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THE GETTY ACQUIRES A RARE AND IMPORTANT PAINTING IN THE INTERNATIONAL STYLE, FEATURING INFLUENCES FROM ACROSS EUROPE IN THE EARLY 15th CENTURY

The Adoration of the Magi with Saint Anthony Abbot (about 1390-1410)
will be presented in exhibition at the Getty Center beginning June 29, 2004

May 21, 2004

LOS ANGELES—The Getty has acquiredThe Adoration of the Magi with Saint Anthony Abbot (about 1390–1410), a rare and masterful example of the International Gothic style that dominated taste across Europe around 1400. The work is one of very few northern European panel paintings of this period in any American museum. The new acquisition will be presented to the public in the exhibition Fit for a King, at the Getty Center, June 29–August 29, 2004, which explores the Getty's holdings of works in the International Gothic style.

 "The Adoration of the Magi is a lyrical, elegant painting that displays a unique combination of medieval spirituality and Renaissance humanity," says Deborah Gribbon, director of the J. Paul Getty Museum and vice president of the J. Paul Getty Trust. "There is nothing comparable to it in other American collections." 

 The size (34 ¾ by 67 ½ inches) and sophistication of the work suggest that it was originally located in an ecclesiastical setting, perhaps in a hospital or chapel dedicated to Saint Anthony Abbot. Although the artist is unknown, the exceptional quality of the painting suggests that this anonymous master, possibly French or Flemish working in Burgundy, was a leading figure working in the International Gothic style. 

 For nearly a century, this new aesthetic swept Europe, blending influences from different artistic centers and royal courts. United under a social and cultural umbrella of competing aristocratic splendor, power, and prestige, artists of the period produced works that shared common elements, including a fondness for intricate details, rich displays of courtly opulence, elegant figures, and an increasing naturalism. The resplendent patterned ground, the flat and decorative presentation of gold objects such as crowns, and the arrangement of the Holy Family seen in The Adoration of the Magi are typical of the most sophisticated paintings in France, Germany and Bohemia during this period.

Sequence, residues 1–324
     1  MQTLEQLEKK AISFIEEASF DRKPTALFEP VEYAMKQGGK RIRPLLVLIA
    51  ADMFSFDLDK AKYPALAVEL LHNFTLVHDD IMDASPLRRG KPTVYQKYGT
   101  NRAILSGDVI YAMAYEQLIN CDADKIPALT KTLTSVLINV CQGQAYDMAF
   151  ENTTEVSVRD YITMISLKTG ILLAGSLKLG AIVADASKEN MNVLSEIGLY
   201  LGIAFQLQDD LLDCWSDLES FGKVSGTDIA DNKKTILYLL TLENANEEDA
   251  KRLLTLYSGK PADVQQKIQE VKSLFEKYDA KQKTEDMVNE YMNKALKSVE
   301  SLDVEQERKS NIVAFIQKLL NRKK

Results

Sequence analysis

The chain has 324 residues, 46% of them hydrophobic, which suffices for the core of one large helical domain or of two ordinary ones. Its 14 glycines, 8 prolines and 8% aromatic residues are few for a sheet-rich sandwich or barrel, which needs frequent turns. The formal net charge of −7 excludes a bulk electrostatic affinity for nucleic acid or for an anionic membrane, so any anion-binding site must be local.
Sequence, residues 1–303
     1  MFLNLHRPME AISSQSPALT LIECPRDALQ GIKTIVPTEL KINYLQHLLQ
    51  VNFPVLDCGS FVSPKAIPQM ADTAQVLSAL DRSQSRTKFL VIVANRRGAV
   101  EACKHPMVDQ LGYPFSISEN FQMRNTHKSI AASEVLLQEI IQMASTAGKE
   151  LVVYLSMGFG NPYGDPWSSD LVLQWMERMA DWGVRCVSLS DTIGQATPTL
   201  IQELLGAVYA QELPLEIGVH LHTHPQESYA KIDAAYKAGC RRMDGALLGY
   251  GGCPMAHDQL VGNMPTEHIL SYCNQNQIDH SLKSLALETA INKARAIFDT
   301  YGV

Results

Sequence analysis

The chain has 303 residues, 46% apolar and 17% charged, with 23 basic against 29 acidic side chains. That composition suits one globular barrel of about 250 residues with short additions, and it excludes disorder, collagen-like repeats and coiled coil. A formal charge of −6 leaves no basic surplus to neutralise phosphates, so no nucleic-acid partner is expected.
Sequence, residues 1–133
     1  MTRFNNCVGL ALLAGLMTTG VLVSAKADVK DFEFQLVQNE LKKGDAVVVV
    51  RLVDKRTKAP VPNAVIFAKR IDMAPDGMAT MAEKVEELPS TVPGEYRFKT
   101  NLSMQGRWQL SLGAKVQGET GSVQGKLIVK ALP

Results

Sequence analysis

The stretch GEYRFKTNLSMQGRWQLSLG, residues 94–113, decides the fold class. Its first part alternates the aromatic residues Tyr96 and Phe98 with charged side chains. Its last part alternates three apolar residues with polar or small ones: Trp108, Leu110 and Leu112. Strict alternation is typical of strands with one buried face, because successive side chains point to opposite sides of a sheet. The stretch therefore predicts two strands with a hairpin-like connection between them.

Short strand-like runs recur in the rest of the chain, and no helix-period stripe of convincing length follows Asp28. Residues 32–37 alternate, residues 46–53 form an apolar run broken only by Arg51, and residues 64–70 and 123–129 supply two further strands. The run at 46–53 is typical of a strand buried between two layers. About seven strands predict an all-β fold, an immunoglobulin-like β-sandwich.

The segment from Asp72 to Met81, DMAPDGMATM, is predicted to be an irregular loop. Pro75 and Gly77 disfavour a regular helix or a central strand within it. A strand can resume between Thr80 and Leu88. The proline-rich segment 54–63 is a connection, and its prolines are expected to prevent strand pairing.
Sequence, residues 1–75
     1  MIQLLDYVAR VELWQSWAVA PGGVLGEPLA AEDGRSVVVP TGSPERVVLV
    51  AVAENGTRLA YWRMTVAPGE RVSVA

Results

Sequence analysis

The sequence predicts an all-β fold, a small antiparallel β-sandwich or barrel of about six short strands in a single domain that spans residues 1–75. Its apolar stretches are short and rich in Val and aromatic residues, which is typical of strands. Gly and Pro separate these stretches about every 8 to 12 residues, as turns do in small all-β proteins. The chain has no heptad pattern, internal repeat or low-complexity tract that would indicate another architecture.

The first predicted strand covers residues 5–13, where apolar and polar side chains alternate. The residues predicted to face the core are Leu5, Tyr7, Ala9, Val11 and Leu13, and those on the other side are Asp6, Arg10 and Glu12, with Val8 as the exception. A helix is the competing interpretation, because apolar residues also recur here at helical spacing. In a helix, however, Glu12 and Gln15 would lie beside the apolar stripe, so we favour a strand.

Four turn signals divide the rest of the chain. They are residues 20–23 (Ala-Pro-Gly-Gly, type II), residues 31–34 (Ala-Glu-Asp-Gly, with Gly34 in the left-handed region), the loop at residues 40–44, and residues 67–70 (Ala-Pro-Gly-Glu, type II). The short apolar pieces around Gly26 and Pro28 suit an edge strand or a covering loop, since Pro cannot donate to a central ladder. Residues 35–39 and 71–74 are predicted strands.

Densely covered with a silver (originally gold) floral motif, The Adoration of the Magi's vibrant red background serves as a magnificent foil for the animated procession of figures. At the center, enthroned in his mother's lap, the new King stands to receive the offerings of the Magi. Caspar, kneeling bareheaded in reverence, offers his gift of gold, with Balthasar and Melchior standing behind him. The three wise men are all resplendently dressed. Their clothing mirrors contemporary court sensibility while alluding to their far-flung kingdoms, suggested in part by the white "turban" worn by Melchior. At the far left stands Saint Anthony Abbot, identified by the T-shaped staff, a bell with which he repelled Satan, and a pig traditionally associated with his treatment of skin conditions.

 The work becomes the Museum's earliest northern European panel painting, complementing the Getty's collection of Italian and German paintings and relating to a number of recent acquisitions including A Faun and His Family with a Slain Lion (about 1526) by Lucas Cranach the Elder of the German high Renaissance, a drawing of Christ as the Gardener by an Upper Rhenish Master, and the Getty's new collection of stained glass. It also complements the Getty's manuscript collection, which includes important works in the International Gothic style.


MEDIA CONTACT:   
Thea Page
Getty Communications Dept.
310-440-6474
 tpage@getty.edu

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